Only 2 presidents since WW2 have made Official State visits to the UK - GW Bush in 2003 and Barack Obama in 2011. In addition Reagan and Clinton addressed Parliament. But otherwise, although there have been plenty of informal visits and visits to attend specific conferences, it is certainly not expected that a US president will visit the UK. May should have kept her mouth shut about it.
    Wouldn't the answer for him to visit the UK but not come to London? I expect any demos would be much smaller anywhere else - and barely noticeable.
    You think?
    Don could always try his happy hunting ground north of the border, no one can ever be bothered to travel that far, and we're famously placid.

    'THE most graphic images of the events surrounding the G8 summit ten years ago show angry rioters clashing with baton-wielding police officers on the streets of the Capital. But just as dramatic are the pictures of a quarter of a million people filling the city centre as they march through Edinburgh in bright sunshine, calling on the world leaders to “Make Poverty History”.

    https://tinyurl.com/ybkt7gnd
  • SouthamObserverSouthamObserver Posts: 25,652
    brendan16 said:

    The Bloomberg Innovation Index 2018. Scroll to the bottom of the article to see where the UK stands:
    https://www.bloomberg.com/news/articles/2018-01-22/south-korea-tops-global-innovation-ranking-again-as-u-s-falls
    Look how many EU member states are above us. Look, too, at individual factors and observe it is only the strength of our tertiary sector that keeps us close to the top 20.
    Decisions taken at home - in business and government - determine our fate now, just as they have always done.

    Seems quite a subjective analysis and what really drags our score down is manufacturing value added and poor productivity which are ongoing problems and speaks volumes.

    We still outrank China, Russia, Canada, New Zealand snd Australia and more than two thirds of EU members. Aren't those nations quite outward looking in different ways?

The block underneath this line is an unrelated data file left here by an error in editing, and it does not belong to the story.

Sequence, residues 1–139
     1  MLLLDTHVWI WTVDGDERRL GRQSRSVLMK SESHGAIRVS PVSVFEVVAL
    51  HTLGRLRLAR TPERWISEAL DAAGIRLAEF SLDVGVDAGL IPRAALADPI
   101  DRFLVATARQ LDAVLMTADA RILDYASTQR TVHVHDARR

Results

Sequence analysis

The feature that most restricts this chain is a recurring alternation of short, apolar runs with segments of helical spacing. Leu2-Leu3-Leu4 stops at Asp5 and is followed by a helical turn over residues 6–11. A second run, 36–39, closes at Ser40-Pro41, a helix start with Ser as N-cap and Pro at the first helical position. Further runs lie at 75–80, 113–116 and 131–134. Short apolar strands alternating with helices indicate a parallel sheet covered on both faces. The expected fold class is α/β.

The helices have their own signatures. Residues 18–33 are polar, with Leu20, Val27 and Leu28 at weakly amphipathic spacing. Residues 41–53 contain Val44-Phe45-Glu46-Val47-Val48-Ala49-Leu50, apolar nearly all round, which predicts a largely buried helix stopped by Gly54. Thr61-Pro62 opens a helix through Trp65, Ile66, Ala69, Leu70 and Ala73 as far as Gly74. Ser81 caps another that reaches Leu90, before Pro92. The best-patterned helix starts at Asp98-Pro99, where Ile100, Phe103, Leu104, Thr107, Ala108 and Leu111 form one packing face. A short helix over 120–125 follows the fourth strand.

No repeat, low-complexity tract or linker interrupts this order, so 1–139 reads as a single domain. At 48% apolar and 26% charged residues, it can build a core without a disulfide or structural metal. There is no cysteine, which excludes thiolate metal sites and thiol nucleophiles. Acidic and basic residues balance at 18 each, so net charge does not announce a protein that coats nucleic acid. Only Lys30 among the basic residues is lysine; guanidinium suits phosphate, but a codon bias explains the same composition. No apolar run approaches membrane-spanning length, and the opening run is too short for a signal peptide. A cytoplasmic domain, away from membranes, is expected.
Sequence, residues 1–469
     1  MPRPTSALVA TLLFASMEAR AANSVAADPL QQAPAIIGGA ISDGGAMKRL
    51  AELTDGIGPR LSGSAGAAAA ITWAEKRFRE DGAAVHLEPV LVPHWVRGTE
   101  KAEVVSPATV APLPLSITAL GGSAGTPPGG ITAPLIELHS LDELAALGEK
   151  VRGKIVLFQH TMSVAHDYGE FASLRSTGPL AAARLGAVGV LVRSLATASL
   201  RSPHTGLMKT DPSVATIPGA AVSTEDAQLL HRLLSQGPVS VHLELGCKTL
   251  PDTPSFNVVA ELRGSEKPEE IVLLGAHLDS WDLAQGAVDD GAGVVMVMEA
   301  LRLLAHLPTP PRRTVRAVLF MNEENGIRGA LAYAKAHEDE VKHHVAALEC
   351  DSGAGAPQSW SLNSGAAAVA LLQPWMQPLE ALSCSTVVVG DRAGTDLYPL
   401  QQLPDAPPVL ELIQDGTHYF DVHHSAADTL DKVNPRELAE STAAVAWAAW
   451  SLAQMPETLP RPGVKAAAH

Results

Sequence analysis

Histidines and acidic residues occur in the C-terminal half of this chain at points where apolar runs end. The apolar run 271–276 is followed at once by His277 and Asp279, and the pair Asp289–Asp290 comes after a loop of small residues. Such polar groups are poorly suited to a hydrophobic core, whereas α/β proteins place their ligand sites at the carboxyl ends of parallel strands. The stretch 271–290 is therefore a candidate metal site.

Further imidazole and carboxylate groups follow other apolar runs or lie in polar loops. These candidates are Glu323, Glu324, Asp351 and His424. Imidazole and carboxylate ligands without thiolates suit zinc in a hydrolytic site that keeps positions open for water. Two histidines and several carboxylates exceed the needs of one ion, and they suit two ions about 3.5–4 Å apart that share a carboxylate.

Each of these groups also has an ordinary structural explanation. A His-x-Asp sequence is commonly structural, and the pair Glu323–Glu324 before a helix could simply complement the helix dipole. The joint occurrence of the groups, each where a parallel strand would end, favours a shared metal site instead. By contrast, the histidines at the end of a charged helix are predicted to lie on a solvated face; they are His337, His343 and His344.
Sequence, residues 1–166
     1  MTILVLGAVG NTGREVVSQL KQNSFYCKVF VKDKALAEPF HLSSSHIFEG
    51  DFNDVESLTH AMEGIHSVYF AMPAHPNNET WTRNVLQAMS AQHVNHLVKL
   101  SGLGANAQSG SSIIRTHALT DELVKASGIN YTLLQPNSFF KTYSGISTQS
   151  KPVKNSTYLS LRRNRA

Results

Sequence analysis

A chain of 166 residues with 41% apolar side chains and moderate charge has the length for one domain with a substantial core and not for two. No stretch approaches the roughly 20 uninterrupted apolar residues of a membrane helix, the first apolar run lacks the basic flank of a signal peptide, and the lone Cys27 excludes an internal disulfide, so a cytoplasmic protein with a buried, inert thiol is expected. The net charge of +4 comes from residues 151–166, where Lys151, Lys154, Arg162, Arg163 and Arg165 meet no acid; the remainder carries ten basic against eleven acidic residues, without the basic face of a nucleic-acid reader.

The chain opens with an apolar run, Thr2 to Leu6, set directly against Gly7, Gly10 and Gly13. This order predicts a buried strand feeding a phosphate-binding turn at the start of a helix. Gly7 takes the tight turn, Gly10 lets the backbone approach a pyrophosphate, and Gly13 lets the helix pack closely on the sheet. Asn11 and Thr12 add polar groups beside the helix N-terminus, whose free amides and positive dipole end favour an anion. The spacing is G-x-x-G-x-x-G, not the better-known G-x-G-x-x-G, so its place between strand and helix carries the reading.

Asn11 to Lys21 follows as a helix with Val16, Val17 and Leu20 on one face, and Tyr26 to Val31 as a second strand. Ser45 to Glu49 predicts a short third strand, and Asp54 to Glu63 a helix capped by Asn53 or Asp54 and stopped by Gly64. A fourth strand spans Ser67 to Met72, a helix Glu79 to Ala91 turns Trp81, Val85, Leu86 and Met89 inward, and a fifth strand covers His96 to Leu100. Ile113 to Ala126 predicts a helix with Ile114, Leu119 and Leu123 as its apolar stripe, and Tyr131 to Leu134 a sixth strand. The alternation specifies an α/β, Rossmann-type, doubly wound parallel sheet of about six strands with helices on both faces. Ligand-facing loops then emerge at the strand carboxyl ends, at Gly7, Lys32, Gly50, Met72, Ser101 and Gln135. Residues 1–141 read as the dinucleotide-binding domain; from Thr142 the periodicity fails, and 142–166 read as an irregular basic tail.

We are the lowest ranked northern European country. That’s poor - in particular, when you bear in mind the strength of our universities. Something is going badly wrong.

  • Philip_ThompsonPhilip_Thompson Posts: 12,561
    Mortimer said:

    John_M said:


    The issue with Gove is the opposite of that with May. He has so many ideas and innovations he would probably make a poor team manager - though that remains to be proven. I think the media would have a difficult time trying to pigeon-hole him too, which is silly but not irrelevant.

    I actually don't think he would be successful as a PM - not because of any fault of his own per se but because of the way he is perceived and caricatured by the media and public at large. He lacks charisma for many which sadly is deemed far more important to people these days than actually being competent or intelligent.
    On the charisma scale I would have thought that Gove's well ahead of Theresa May
    Gove isn't PM material, but he would , I think make a bold and excellent CoE. Hammond has proved too timid and unimaginative in economy policy.
    Sad though I would be to see him leave his curent role, Gove would be an excellent Chancellor. I believe that moving Hammond out of Number 11 is now essential for May to stay in Number 10.
    The problem with Gove as chancellor is he'd probably want to implement a root and branch reform of taxation (and for all I know, rotate the entire United Kingdom 90 degrees to the left) and HMG just doesn't have the bandwidth to spare. Mind you, I don't think HMG has the bandwidth to walk and chew gum at the same time.
    Almost everything Gove tries to do is very laudable, and largely entirely necessary. There is a case for a root and branch taxation reform.

    But, as you say, not right at this moment.
    There's never a "right at this moment" opportunity, there's always a reason not to do it.
  • HYUFDHYUFD Posts: 38,256
    I think May survives for now, with polls still almost neck and neck between the Tories and Labour there is no urgent political need for a change and it would be gross self indulgence as David Herdson says for the Tories to indulge in a leadership election which will cut down even more the limited timespan for the country to agree a Brexit deal with the EU